Of course, there are benefits to having a hefty background on the local scene, not least in terms of PR. There are also negatives to be found in the expectations that sometimes ride the coattails of successes like TVVINS other incarnations. “It helps to have built something already. We’ve learned what not to do and hopefully what to do. We’re not doing this to please fans of our other bands. Those bands still exist and will continue to make more music. This is something different, something to experiment with in a different genre. So no, we don’t feel the weight of expectation. Nobody should expect that we’ll cover any of the same musical ground that we have done in the past in our other bands. We hope people will be surprised. ‘Two Worlds’ might not be in a million miles from The Cast Of Cheers or Adebisi, but out other songs probably are.”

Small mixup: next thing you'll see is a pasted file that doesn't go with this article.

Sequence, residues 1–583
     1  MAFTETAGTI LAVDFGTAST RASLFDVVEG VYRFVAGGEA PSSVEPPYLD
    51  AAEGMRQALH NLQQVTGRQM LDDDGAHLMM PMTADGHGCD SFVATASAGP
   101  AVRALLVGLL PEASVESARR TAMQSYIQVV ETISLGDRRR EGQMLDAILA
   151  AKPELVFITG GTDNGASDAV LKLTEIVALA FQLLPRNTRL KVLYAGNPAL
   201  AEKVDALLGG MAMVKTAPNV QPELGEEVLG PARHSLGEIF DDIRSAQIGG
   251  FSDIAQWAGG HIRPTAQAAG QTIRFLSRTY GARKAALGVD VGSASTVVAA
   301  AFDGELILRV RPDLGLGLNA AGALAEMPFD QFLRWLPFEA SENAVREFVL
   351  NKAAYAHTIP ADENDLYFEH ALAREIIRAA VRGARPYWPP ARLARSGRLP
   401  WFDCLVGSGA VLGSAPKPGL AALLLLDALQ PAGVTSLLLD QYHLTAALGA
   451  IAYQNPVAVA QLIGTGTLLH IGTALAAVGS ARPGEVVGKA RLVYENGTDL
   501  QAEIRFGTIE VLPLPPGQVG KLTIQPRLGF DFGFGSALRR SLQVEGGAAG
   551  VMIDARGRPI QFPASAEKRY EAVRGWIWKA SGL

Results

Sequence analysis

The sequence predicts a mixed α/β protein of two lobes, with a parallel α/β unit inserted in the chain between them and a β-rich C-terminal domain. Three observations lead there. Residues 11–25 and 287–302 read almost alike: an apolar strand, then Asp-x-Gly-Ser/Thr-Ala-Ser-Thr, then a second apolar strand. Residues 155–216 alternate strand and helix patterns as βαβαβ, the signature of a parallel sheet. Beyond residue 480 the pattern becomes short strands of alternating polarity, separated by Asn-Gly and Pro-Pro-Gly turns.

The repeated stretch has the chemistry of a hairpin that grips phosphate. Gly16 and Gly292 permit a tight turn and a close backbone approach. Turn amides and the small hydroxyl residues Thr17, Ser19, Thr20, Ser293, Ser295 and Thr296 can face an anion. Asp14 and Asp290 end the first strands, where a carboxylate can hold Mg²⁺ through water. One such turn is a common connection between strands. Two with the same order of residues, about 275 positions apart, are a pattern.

What that background does help vastly with is live outings. Previous experience casts stuttering live debuts aside, giving a more settled feeling from the first on-stage note. “It’s both easier and harder in different ways”, Kaye argues. “Having a lot of live experience makes it easier because we can get straight into it, we’ve found our feet before stepping on to a stage. It being a brand new band makes it harder because we have to start at the beginning and re-establish ourselves as artists. You’ll always get people who may like our other bands and not like this… But that’s the way of the world… And that’s the way it should be. We’re still working on the live setup. We have a bunch of synths and effects to toy with and trigger a plethora of sounds. We have a live drummer and play guitar and bass so it feels pretty similar to what we’re used to… With additional bells and whistles of course.”